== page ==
A woman in the UK is the first person to be protected with a joint Forced Marriage Protection Order and Female Genital Mutilation Protection Order.

The woman was due to be married in a mutually agreeable arranged marriage when the marriage was called off suddenly by the groom-to-be’s family as she had not undergone female genital mutilation (FGM). Her father then began to receive threats from family members for not having his daughter cut.

The pressure on her grew to undergo FGM as a number of arranged marriages fell through as she was not considered respectable amongst the community as she had not been circumcised.

After seeing her GP to try arrange an appointment to be cut, the woman was referred to West Midlands Police. She informed them that she believed she was at imminent risk of her father arranging a forced marriage and that she could be taken abroad to undergo FGM.

The police applied for joint Forced Marriage Protection Order (FMPO) and a FGM Protection Order (FGMPO) to keep her safe – the first of its kind.

A FMPO can be used to protect a person from being forced into marriage or to protect a person who has been forced into marriage. It can include any kind of coercion aimed at any person (for example a threat by a parent to commit suicide if the person does not enter into a marriage) to cause a person to enter into a marriage without their free and full consent. Breach of the Order is a criminal offence and is punishable with up to 5 years imprisonment.

A FGMPO can be used to protect a person at risk from FGM. Breach of the order is a criminal offence and is punishable by up to 5 years’ imprisonment. FGM has been a specific criminal offence since 1985 and carries a maximum sentence of 14 years’ imprisonment. There is also a criminal offence of failing to protect a girl from FGM. This carried a maximum penalty of 7 years imprisonment. However to date, no one has been prosecuted for committing FGM.

The barrister drafting the Order can be creative in drafting terms to keep the person safe. In this case, the Order included a term which directed the father to change his phone number and email address to prevent contact with those who might encourage him to make his daughter undergo FGM or force her to marry. The Orders can be made against a wide range of people – not simply the parents. An Order may give other family members the strength to stand behind an Order to refuse to assist a controlling father or mother.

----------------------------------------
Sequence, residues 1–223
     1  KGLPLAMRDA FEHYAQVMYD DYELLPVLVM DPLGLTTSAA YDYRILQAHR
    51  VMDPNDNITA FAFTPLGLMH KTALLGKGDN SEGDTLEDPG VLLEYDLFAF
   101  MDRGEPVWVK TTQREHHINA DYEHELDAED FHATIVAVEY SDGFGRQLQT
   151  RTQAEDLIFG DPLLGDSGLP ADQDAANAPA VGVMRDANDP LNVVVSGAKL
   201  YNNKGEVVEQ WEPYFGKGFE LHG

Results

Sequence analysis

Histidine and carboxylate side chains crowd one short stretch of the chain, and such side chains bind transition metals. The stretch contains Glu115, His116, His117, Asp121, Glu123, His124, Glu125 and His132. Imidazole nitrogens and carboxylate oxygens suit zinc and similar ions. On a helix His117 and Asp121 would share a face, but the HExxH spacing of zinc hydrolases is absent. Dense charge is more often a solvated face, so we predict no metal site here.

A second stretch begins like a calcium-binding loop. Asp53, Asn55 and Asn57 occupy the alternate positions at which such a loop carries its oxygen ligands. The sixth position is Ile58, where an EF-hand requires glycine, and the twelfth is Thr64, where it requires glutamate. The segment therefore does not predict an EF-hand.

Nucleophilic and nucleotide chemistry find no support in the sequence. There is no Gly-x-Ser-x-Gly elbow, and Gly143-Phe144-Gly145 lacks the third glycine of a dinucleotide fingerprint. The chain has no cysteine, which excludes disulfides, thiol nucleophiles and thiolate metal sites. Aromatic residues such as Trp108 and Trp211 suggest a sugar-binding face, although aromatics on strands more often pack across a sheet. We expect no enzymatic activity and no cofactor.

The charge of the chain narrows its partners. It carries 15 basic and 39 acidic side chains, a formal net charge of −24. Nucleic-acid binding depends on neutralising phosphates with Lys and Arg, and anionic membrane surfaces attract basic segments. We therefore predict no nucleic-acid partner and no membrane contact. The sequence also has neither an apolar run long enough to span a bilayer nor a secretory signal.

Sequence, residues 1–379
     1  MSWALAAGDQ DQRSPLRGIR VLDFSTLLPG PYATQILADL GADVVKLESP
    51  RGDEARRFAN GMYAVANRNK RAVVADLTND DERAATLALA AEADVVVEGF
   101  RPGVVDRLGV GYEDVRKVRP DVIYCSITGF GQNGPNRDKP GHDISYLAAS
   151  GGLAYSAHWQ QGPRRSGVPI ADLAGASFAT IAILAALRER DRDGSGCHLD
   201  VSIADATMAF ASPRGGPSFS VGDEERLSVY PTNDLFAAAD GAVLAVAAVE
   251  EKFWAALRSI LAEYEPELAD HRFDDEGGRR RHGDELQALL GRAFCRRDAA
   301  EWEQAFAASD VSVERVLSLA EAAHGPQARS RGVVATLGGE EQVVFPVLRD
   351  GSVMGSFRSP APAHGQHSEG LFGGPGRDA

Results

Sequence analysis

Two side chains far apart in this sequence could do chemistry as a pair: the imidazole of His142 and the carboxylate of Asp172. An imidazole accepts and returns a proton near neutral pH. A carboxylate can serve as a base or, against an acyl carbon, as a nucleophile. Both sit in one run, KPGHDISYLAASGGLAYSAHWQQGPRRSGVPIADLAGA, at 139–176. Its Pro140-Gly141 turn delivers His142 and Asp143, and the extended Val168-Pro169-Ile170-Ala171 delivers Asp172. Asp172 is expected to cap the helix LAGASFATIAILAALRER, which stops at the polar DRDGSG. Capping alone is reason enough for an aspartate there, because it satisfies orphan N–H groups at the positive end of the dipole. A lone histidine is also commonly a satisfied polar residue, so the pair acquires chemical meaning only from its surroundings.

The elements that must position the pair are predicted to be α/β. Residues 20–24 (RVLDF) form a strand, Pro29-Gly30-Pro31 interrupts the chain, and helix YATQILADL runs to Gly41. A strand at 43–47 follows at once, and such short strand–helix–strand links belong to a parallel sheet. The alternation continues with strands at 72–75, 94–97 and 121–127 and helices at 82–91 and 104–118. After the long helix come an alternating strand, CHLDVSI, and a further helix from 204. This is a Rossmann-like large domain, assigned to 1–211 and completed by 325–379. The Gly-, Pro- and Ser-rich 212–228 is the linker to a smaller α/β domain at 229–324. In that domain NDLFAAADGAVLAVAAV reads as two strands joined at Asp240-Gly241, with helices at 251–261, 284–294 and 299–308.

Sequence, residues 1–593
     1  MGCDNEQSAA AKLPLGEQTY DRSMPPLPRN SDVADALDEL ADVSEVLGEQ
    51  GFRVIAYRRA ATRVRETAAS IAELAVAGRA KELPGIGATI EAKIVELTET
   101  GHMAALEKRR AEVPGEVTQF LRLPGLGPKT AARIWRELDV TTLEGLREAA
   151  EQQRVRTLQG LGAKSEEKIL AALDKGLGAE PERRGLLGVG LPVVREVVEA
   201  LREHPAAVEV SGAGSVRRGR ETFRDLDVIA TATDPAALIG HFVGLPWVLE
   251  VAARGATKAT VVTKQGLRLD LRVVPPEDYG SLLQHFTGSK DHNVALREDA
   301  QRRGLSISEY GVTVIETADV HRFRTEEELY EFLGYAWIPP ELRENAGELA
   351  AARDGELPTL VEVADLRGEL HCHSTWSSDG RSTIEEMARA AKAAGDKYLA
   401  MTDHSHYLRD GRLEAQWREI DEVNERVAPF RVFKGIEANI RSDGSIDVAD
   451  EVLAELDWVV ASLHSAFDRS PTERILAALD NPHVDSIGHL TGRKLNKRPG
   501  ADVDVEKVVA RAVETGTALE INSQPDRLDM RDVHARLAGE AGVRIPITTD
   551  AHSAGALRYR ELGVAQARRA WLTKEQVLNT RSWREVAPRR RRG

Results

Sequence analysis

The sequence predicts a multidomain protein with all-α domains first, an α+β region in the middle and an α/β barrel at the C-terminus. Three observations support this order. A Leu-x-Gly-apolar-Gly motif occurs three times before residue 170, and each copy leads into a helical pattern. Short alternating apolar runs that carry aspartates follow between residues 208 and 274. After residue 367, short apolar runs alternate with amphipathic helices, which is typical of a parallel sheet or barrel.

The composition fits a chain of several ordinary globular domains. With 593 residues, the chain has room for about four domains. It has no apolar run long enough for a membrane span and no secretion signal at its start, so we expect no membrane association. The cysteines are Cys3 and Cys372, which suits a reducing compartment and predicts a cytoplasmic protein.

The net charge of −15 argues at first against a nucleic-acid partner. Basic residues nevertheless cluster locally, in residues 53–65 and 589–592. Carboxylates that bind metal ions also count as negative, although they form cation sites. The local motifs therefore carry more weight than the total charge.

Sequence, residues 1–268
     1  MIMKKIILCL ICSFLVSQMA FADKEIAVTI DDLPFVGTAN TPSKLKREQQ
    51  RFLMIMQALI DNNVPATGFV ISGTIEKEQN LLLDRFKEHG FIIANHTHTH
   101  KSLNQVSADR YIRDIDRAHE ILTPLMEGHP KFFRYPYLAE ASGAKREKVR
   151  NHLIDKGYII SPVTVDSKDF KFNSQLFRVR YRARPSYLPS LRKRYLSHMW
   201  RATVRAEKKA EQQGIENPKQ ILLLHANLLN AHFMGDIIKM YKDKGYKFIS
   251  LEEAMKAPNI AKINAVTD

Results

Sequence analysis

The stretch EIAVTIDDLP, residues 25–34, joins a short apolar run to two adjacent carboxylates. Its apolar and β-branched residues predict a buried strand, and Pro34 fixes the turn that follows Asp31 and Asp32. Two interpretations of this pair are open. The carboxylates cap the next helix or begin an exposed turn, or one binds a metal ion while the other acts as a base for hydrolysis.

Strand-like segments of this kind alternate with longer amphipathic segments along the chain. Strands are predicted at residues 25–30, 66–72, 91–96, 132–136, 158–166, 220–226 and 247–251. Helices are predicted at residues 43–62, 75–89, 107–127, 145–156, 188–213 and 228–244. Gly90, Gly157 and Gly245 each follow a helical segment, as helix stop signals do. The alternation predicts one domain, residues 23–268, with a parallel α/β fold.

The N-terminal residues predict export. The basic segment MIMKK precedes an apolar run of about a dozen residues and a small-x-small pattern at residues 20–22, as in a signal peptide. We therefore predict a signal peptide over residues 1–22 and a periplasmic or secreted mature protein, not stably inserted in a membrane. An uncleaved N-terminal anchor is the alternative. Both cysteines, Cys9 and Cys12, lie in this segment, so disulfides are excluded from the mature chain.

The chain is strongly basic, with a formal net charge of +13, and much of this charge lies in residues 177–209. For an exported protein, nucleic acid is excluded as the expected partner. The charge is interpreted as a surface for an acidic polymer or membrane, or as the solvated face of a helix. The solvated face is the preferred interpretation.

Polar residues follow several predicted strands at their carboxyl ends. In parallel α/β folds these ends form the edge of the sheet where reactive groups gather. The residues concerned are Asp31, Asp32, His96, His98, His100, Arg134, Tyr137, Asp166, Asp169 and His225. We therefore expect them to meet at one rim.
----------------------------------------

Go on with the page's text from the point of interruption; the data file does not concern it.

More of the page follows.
The Orders are not applied for in isolation. The police will apply for an Order for the removal of the passport of the protected person and for a Port Alert, to prevent the person from being taken abroad where they could be married and or cut.

All Orders are usually applied for without notice to the protected person’s family to deal with the imminent risk that they will be married or cut. It is also hoped that by putting the Order in place as soon as possible it will give the protected person the space needed to maintain their account before family members seek to deter him or her from doing so. As it is the police who apply for the Order on behalf of the person to be protected, it alleviates some of the pressure on that individual as the police can tell the court the individual’s circumstances without the already vulnerable individual having to give evidence against her family.